It's A Living - From The Land of Forgotten Television
The show follows the lives of the waitresses at the posh restaurant Above the Top, located at the top of the Bonaventure Hotel in Los Angeles, California. At the helm was supervisor Nancy Beebe (Marian Mercer), the restaurant's maître d’, who sometimes fraternized with the girls but usually gave orders. More often than not, the scheme of the week involved Nancy in some way, which upset her because all she wanted was an orderly wait staff. Adding to the chaotic working environment was a wisecracking pianist named Sonny Mann (Paul Kreppel), who made rude comments to the women, Nancy included, and got insulted in return. The kitchen was the domain of Chef Mario (Bert Remsen); then Dennis Hubner (Earl Boen) and finally Howard Miller (Richard Stahl), who eventually married Nancy.
While the show was never a hit on network TV, its fortunes would later turn around in 1983, when all 27 episodes went to syndication. The series began to attract a following along with surprising ratings for the reruns, which prompted the producers and Golden West Television to bring the series back. Another factor in its sudden rediscovery was Ann Jillian's public disclosure that she had been diagnosed with breast cancer in 1984, the same year as the announcement to bring the show back.
In 1985, the show was revived under its old name for the syndicated market. Most of the cast remained intact from the former version. A new waitress, Amy Tompkins (Crystal Bernard), arrived at the restaurant and was immediately accepted by the group. When Jillian decided to leave the show in 1986 (she had agreed to do only one season in syndication; plus, she wanted to continue her treatments for breast cancer), her character was replaced by Ginger St. James (Sheryl Lee Ralph). With these core cast members in place, the show continued to produce episodes for syndication until it ended in 1989. - READ MORE
It's A Living Trivia
It's A Living was retitled, "Making A Living" for the second season only and then returned to its original title when it was reborn in syndication.
The restaurant on It's A Living was located at the very top of a first rate, high rise hotel called "The Bonaventure".
Ann Jillian got her first acting role on "Leave It to Beaver" on the episode titled, "Wally, the Businessman". She was 10 years old at the time. In 1988, Ann won an Emmy for her performance as herself in a TV movie about her life titled, "The Ann Jillian Story".
It's A Living didn't do very well in the ratings during its first two seasons on network television so ABC canceled the series. The following year (1983), It's A Living reruns did very well. Ann Jillian also announced that she had been diagnosed with breast cancer in 1984, becoming one of the first celebrities to do so. Her brave disclosure also moved viewers to want to see her on It's A Living. The producers of the show decided that there was enough interest so they put the series back into production more than three years after it was canceled and it aired in syndication for four more seasons!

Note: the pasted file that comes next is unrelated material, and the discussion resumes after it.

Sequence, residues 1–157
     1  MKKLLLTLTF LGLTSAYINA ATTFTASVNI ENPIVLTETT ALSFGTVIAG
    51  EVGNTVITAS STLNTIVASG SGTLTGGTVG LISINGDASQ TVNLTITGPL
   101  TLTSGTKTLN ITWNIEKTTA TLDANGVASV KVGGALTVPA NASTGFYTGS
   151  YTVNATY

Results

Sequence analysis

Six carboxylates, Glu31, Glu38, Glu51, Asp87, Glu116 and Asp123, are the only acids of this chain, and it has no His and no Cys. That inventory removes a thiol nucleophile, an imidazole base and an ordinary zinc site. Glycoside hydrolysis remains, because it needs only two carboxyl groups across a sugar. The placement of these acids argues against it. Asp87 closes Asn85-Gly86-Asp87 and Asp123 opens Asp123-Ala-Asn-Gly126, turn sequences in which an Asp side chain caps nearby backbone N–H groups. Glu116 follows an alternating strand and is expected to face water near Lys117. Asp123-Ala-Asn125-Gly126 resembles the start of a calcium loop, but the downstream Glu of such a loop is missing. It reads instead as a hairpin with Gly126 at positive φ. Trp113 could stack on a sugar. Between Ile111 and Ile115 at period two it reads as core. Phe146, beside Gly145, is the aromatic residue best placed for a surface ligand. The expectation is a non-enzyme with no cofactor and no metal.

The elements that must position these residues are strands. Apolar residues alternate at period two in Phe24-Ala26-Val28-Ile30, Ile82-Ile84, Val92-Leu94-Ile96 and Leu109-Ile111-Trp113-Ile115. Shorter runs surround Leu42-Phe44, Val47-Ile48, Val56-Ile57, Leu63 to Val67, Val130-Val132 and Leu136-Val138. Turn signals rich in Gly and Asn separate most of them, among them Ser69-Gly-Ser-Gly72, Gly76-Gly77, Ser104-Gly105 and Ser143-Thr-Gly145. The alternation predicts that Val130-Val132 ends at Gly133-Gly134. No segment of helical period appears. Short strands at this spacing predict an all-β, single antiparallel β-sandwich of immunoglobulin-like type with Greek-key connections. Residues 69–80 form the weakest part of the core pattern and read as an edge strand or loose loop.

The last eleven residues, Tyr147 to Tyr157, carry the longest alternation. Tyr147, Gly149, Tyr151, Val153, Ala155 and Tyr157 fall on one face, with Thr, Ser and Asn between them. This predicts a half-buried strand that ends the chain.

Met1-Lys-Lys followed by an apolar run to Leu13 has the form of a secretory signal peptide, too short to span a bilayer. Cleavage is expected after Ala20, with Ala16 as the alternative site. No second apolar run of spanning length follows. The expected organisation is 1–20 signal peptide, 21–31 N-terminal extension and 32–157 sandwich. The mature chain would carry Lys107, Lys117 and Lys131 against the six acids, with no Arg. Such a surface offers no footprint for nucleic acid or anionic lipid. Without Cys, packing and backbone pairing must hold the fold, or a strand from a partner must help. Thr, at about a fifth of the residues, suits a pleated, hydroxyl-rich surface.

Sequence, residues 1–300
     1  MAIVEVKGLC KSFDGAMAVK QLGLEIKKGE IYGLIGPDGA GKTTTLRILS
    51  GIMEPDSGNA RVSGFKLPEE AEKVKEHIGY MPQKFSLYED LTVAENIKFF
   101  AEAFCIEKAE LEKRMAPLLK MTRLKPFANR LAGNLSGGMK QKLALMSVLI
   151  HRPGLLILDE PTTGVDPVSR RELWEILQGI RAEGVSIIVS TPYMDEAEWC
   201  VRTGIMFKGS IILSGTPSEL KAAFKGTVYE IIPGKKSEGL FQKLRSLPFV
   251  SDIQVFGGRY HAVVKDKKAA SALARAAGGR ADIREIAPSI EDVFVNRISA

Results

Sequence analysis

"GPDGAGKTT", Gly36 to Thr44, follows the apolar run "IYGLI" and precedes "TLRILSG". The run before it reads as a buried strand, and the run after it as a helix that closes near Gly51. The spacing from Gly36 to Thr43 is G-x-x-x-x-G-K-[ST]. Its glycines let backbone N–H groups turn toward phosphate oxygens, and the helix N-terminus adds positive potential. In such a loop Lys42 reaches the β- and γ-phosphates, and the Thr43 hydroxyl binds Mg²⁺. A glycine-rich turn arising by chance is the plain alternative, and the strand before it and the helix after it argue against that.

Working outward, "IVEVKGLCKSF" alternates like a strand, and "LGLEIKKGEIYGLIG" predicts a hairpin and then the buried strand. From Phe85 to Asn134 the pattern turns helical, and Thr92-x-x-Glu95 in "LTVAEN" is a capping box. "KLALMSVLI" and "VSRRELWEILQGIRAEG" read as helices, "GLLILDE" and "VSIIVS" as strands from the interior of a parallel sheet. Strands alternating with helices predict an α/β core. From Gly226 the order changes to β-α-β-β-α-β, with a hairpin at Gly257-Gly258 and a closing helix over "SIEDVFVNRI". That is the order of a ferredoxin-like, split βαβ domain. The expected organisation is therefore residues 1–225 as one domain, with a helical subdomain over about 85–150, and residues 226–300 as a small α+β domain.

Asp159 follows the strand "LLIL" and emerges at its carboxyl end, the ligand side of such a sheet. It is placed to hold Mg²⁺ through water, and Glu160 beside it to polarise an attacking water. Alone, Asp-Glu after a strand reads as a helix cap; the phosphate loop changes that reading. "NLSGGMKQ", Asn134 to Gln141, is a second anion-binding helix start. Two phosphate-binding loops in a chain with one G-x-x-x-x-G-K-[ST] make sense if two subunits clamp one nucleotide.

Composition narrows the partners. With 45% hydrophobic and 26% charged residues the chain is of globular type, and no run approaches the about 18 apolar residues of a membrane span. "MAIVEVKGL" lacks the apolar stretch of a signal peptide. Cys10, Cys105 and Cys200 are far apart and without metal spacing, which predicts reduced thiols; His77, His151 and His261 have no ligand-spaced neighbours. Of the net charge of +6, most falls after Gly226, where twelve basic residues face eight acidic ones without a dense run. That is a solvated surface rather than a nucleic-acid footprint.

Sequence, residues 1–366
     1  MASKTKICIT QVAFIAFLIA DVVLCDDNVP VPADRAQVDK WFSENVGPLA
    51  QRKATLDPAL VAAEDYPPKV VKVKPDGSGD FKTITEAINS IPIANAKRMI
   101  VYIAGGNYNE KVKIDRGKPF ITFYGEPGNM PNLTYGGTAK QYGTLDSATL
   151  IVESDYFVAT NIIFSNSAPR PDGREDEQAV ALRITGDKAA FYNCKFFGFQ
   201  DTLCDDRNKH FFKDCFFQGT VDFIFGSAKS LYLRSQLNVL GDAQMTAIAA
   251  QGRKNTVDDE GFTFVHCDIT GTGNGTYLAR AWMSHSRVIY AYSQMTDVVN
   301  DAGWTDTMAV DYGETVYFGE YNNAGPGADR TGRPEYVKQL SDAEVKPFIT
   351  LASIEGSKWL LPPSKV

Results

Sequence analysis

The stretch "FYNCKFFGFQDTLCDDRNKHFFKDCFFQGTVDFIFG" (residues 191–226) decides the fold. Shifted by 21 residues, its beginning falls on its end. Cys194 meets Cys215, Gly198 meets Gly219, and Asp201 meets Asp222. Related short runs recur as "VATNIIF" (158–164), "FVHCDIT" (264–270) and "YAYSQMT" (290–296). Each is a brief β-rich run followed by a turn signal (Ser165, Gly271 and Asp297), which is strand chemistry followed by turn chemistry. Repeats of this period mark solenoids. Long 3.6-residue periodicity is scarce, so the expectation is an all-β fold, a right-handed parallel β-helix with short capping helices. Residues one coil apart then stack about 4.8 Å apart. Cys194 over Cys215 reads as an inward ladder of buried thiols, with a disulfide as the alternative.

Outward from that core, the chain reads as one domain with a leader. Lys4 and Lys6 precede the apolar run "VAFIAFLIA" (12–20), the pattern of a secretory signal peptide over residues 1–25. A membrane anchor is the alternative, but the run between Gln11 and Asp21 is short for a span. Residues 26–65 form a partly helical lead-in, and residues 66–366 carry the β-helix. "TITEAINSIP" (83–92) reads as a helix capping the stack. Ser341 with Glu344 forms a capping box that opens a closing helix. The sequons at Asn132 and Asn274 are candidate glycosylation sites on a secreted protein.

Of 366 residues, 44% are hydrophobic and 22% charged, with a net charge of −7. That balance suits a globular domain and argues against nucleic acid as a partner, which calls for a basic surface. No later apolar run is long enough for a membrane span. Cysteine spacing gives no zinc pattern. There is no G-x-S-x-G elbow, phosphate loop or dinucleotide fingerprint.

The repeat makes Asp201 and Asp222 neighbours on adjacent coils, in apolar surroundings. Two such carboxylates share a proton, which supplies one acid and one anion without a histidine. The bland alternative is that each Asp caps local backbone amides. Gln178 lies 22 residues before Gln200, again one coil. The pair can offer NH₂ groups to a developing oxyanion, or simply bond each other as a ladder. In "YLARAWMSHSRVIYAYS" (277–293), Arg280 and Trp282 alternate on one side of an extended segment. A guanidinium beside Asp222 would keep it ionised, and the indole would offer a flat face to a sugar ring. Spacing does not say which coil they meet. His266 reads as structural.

When It's A Living returned, it had most of its original Cast. That's pretty unusual after a three year hiatus. Ann Jillian unfortunately had to leave the series after one season to concentrate on her fight against breast cancer but It's A Living went on with a new actress (Sheryl Lee Ralph) in the lead role.
There were several reasons why It's A Living didn't do well during its first two seasons on ABC. Its time slot was changed five times in two seasons! Viewers had trouble finding the series and many dropped the show when it moved opposite a show that they liked better. In its first season, it was up against the premiere season of the hit series, "Magnum P.I.". In the second season, it had more heavy competition from "Walt Disney". It's A Living also lost a major sponsor (Proctor and Gamble) due to what they felt were oufits that were too revealing and a controversial segment in the pilot episode where one of the waitresses (who was a virgin) was agonizing whether she should go on a vacation with a new boyfriend because it could lead to sex. The other waitresses heartily encouraged her to go and not worry about it. That was certainly no worse than anything on other shows like "The Love Boat" or "Three's Company". Of course, most of those other shows were much higher in the ratings and maybe that caused their sponsors to ignore a minority of their customers complaining. - READ MORE
The series' first two seasons produced 39 episodes. However, when it aired in syndication, it produced 81 additional episodes, making the final episode count 120 episodes.
In 1985, the show was revived under its old name for the syndicated market. Most of the cast remained intact from the former version. A new waitress, Amy Tompkins (Crystal Bernard), arrived at the restaurant and was immediately accepted by the group. When Jillian decided to leave the show in 1986 (She only agreed to do one season in syndication, plus she wanted to continue her treatments for breast cancer), she was replaced by Ginger St. James (Sheryl Lee Ralph), the first black waitress to be showcased on the sitcom. With these core cast members in place, the show continued to produce episodes for syndication until the show was ended in 1989. - READ MORE
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